960MHz

124

79

GSM Logical and Physical


Channels
Um

interface: various logical channels are


mapped to physical channels
A physical channel is a timeslot with timeslot
number in a sequence of TDMA frames
8 physical channels mapped onto 8 timeslots
within TDMA frame per frequency carrier

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80

GSM Physical Channels


TDMA frame = 4.615 ms
Timeslot 1

Frequency 1

Ch 1 Ch 2 Ch 3 Ch 4 Ch 5 Ch 6 Ch 7 Ch 8

Frequency 2

Ch 1 Ch 2 Ch 3 Ch 4 Ch 5 Ch 6 Ch 7 Ch 8

:
:

:
:

Frequency 124

Ch 1 Ch 2 Ch 3 Ch 4 Ch 5 Ch 6 Ch 7 Ch 8

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81

GSM Logical Channel Structure


LOGICAL CHANNELS
TCH

FULL RATE
Bm 22.8 Kb/S

CBCH

CCCH

DCCH

HALF RATE
Lm 11.4 Kb/S

BCH

FCCH

CCH

SCH

DOWN LINK ONLY


10/19/16 11:10

BCCH

PCH

RACH

AGCH

UPLINK ONLY
Data Communication

SDCCH

SACCH

FACCH

BOTH UP & DOWNLINKS


82

Abbreviations

TCH
CCH
FCCH
SCH
BCCH
PCH
RACH
AGCH
SDCCH
SACCH
FACCH

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TRAFFIC CHANNEL
CONTROL CHANNEL
FREQUENCY CORRECTION CHANNEL
SYNCHRONISATION CHANNEL
BROADCAST CONTROL CHANNEL
PAGING CHANNEL
RANDOM ACCESS CHANNEL
ACCESS GRANTED CHANNEL
STAND ALONE DEDICATED CONTROL CHANNEL
SLOW ASSOCIATED CONTROL CHANNEL
FAST ASSOCIATED CONTROL CHANNEL

Data Communication

83

GSM Logical Channels (1)


3

groups of logical channels, TCH, CCH and


CBCH
TCH is used to carry voice or data traffic
CCH is used for control functions
CBCH is used for broadcast functions

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84

GSM Logical Channels (2)


Logical traffic channels = full rate (TCH/F) at
22.8 kb/s or half rate (TCH/H) at 11.4 kb/s
Physical channel = full rate traffic channel (1
timeslot) or 2 half rate traffic channels (1
timeslot in alternating frames)
Full rate channel may carry 13 kb/s speech or
data at 12, 6, or 3.6 kb/s
Half rate channel may carry 6.5 kb/s speech or
data at 6 or 3.6 kb/s

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85

GSM Logical Channels: BCH

CCH consists of 3 groups of logical control channels,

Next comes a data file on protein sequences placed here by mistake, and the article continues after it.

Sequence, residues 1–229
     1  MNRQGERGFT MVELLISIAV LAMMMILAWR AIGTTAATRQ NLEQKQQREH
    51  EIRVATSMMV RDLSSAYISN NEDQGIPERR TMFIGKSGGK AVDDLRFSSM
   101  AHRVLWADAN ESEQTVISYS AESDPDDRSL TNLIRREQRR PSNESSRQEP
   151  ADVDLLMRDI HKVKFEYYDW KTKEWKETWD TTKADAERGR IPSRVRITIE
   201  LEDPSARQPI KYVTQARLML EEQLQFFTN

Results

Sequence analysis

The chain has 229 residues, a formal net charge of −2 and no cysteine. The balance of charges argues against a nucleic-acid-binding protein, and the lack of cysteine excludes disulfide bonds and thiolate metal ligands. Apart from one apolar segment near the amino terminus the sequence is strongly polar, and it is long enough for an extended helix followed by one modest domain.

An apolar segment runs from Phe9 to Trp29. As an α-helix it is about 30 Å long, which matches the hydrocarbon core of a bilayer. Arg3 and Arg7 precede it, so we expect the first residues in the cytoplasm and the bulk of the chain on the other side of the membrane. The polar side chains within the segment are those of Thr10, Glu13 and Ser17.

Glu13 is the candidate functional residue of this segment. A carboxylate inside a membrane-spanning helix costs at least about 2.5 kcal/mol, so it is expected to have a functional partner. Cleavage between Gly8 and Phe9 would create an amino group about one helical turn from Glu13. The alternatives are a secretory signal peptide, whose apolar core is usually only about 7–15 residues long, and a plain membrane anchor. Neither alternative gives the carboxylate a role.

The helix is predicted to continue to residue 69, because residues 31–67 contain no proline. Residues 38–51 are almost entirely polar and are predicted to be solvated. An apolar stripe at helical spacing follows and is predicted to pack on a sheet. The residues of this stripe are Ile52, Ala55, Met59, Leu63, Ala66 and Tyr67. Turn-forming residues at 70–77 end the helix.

BCH, CCCH and DCCH
BCH (broadcast channel): point-to-multipoint downlink
only (a base to mobile channel). Contains three subchannels, BCCH, FCCH and SCH

BCCH: provides general information about the network, the cell in


which the mobile is currently located and the adjacent cells, send cell
identities, organization info about common control channels, cell
service available, etc
FCCH: provides information for carrier synchronization, send a
frequency correction data burst containing all zeros to effect a
constant frequency shift of RF carrier
SCH (synchronization channel): carries information for frame
synchronization and identification of the base station transceiver,
send TDMA frame number and base station identity code to
synchronize MSs

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86

GSM Logical Channels: CCCH

CCCH (common control channel): Consists of three subchannels, PCH, AGCH and RACH. This channels is used
for paging and access

PCH (paging channel): a base to mobile channel to page


MSs, to alert a mobile to a call originating from the network
AGCH (access grant channel): a mobile to base channel
used to request for dedicated resources, to assign MSs to
stand-alone dedicated control channels for initial
assignment
RACH (random access channel): a base to mobile which is
used to assign dedicated resources (SDCCH or TCH)

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87

GSM Logical Channels: DCCH

DCCH (dedicated control channel): bi-directional point-to-point -- main


signaling channels. Consist of three sub-channels: SDCCH, SACCH, and
FACCH
SDCCH: a bi-directional channel allocated to a specific mobile for